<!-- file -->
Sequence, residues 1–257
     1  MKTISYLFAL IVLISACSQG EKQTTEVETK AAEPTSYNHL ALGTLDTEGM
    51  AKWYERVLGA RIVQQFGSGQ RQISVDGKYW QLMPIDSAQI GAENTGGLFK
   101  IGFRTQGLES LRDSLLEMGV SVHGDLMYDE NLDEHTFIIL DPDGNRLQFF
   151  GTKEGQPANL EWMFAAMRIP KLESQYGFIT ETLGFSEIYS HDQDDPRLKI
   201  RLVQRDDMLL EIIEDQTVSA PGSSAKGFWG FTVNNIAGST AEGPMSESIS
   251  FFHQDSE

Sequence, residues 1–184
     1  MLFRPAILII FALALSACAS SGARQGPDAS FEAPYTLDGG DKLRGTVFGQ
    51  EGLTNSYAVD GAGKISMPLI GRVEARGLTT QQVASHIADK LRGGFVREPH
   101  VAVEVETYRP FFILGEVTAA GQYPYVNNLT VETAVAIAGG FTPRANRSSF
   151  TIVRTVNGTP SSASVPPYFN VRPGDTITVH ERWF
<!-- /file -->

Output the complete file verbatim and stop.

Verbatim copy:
Sequence, residues 1–257
     1  MKTISYLFAL IVLISACSQG EKQTTEVETK AAEPTSYNHL ALGTLDTEGM
    51  AKWYERVLGA RIVQQFGSGQ RQISVDGKYW QLMPIDSAQI GAENTGGLFK
   101  IGFRTQGLES LRDSLLEMGV SVHGDLMYDE NLDEHTFIIL DPDGNRLQFF
   151  GTKEGQPANL EWMFAAMRIP KLESQYGFIT ETLGFSEIYS HDQDDPRLKI
   201  RLVQRDDMLL EIIEDQTVSA PGSSAKGFWG FTVNNIAGST AEGPMSESIS
   251  FFHQDSE

Sequence, residues 1–184
     1  MLFRPAILII FALALSACAS SGARQGPDAS FEAPYTLDGG DKLRGTVFGQ
    51  EGLTNSYAVD GAGKISMPLI GRVEARGLTT QQVASHIADK LRGGFVREPH
   101  VAVEVETYRP FFILGEVTAA GQYPYVNNLT VETAVAIAGG FTPRANRSSF
   151  TIVRTVNGTP SSASVPPYFN VRPGDTITVH ERWF